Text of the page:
Do you really need a new smartphone every 2 years? How to get more out of your devices

(CNN) — If you’re thinking about replacing or upgrading your smartphone next year, take some time to think about it. Do you really need a new phone or are you just itching to get your hands on the shiny new technology? In addition to the affordability of the new device, one must consider other issues.

Specifically, our desire to always have the latest smartphone has a high environmental cost.

The life of a smartphone begins in mines around the world, where essential minerals. These materials are transported to factories, where they are refined, often at high temperatures and high power, into components such as batteries, cables, logic boards, and motors. The components are then transported in fossil fuel-powered vehicles to other factories to be assembled into complete devices, before being shipped to consumers around the world.

This manufacturing process, so damaging to the climate and the environment, is compounded by the frequency with which consumers replace their phones. And when thrown away, electronic devices do toxic damage to the environment.

“Smartphones seem so small and inconsequential that unless you’ve studied supply chains and realized all that goes into making them, you have no idea how devastating they are to the environment,” he told CNN Cole Stratton, an associate professor at Indiana University Bloomington who has studied technology supply chains.

The right to repair your things

Unfortunately, the manufacturers they have hindered historically the repair of appliances, to the point that replacing them often seems like an easier solution than fixing them, further contributing to the already severe climate crisis.

According to Swappie, which refurbishes and resells iPhones, the 1.4 billion new smartphones expected to be sold this year will generate 146 million tons of planet-warming emissions, 83% of which come from manufacturing, shipping and use during the first year.

“Many people are unaware of the real impact that buying a new smartphone has on the environment,” Emma Lehikoinen, Swappie’s COO, told CNN. “Now when we look at refurbished devices, it’s a much different story.”

That’s where the growing movement for right to reparation.

Right-to-repair advocates have called for laws requiring device manufacturers to provide the necessary tools, parts, and repair manuals so consumers can repair their products at independent shops or do it themselves.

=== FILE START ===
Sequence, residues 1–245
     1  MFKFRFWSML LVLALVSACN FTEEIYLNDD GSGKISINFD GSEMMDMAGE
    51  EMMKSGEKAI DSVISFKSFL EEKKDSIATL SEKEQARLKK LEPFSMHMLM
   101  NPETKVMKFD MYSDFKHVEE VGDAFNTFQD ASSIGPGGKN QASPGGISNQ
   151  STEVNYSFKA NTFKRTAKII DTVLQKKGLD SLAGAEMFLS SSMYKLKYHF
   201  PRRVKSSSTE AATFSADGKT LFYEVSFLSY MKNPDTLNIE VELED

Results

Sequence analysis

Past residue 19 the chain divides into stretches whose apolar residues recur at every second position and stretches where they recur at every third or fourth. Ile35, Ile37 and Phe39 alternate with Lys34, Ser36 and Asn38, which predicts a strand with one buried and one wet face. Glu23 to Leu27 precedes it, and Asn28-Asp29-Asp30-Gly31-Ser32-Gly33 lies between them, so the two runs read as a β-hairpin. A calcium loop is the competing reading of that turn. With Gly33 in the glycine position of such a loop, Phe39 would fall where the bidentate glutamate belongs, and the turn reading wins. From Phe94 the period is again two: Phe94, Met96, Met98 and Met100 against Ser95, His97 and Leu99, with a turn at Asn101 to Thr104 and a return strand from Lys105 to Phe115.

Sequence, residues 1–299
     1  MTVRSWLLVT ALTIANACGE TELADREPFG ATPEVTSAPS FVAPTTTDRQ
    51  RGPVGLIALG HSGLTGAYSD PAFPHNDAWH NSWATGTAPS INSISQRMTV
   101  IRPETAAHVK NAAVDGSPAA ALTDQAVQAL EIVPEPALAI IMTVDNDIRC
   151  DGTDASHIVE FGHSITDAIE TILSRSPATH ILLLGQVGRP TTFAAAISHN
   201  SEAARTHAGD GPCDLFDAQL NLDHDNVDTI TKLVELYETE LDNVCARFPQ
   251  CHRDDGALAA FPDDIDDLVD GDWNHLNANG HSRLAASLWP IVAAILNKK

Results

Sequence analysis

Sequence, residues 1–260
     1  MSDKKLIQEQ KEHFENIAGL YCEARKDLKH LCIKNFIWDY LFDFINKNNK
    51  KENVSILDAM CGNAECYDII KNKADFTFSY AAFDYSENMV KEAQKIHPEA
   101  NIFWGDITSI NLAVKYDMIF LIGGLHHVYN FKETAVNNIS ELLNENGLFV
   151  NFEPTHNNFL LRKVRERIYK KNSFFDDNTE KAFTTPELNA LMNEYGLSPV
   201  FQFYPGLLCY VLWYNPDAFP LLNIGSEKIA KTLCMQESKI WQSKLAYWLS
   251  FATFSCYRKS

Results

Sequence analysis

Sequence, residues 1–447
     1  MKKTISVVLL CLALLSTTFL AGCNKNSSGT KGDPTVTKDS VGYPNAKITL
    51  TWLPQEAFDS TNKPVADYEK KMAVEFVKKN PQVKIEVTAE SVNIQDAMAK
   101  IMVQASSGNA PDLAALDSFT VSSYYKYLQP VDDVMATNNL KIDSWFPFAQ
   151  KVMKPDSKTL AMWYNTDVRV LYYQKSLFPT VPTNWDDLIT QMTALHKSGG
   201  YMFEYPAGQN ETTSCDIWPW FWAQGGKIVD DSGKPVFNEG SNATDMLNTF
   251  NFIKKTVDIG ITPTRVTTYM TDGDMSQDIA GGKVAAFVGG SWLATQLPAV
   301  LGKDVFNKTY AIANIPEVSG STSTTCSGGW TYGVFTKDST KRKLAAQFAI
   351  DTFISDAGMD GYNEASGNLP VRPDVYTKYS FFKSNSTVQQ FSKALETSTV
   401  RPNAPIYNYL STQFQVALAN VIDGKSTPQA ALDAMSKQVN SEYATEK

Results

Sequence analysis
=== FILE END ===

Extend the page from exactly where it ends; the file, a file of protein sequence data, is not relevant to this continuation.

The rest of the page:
If consumers could more easily repair their devices, they would not have to replace them as often, reducing reliance on a resource-intensive, greenhouse gas-emitting production process and ultimately reducing e-waste.

The climate footprint of an average Swappie refurbished phone in 2021 was a 78% lower than that of an average new phone, the company said.

“If we can’t repair our stuff, the consequence is that we throw away a lot more,” Gay Gordon-Byrne, executive director of the Repair Association, a coalition that fights for the right to repair, previously told CNN. “We can no longer cope with the volume… We are swimming in products that we can no longer recycle.”

What can be done

(Credit: boonchai wedmakawand/Moment RF/Getty Images)

Resist the temptation to renew. If your phone still works, get as much use out of it as you can. “The greenest smartphone is the one you already have,” says Stratton.

Fix it up. If your mobile phone breaks, take it directly to the manufacturer -such as Samsung or Apple- or to a store such as Micro Center, Best Buy or another local workshop authorized to repair phones of your brand. Often a broken or malfunctioning phone can be fixed with simple repairs that may cost less than replacing it. Apple opened its store this year self-service repairswhich offers manuals and parts to consumers who want to fix their iPhones themselves.

Mrs. There are many good causes that accept phone donations to refurbish or sell for money, such as the Salvation Army and the National Coalition Against Domestic Violence.

Sell ​​it instead of throwing it away. You can sell your used smartphone to specialized refurbishing companies like Swappie to give it (or its parts) a second life. “What many people don’t realize is that even broken phones can still be valuable,” Lehikoinen explains. “This is due to the materials used to make them, but also the parts that go into them.”

Recycle it properly. If your phone is completely broken and cannot be sold or donated, you can still properly recycle it. You just have to do a little research on how and where to recycle it correctly. For example, at Swappie’s pop-up store in Milan, they are asking the local community to help them collect 50 kilos of broken phones for recycling.

CNN’s Clare Duffy contributed to this report.

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Do you really need a new smartphone every 2 years? How to get more out of your devices

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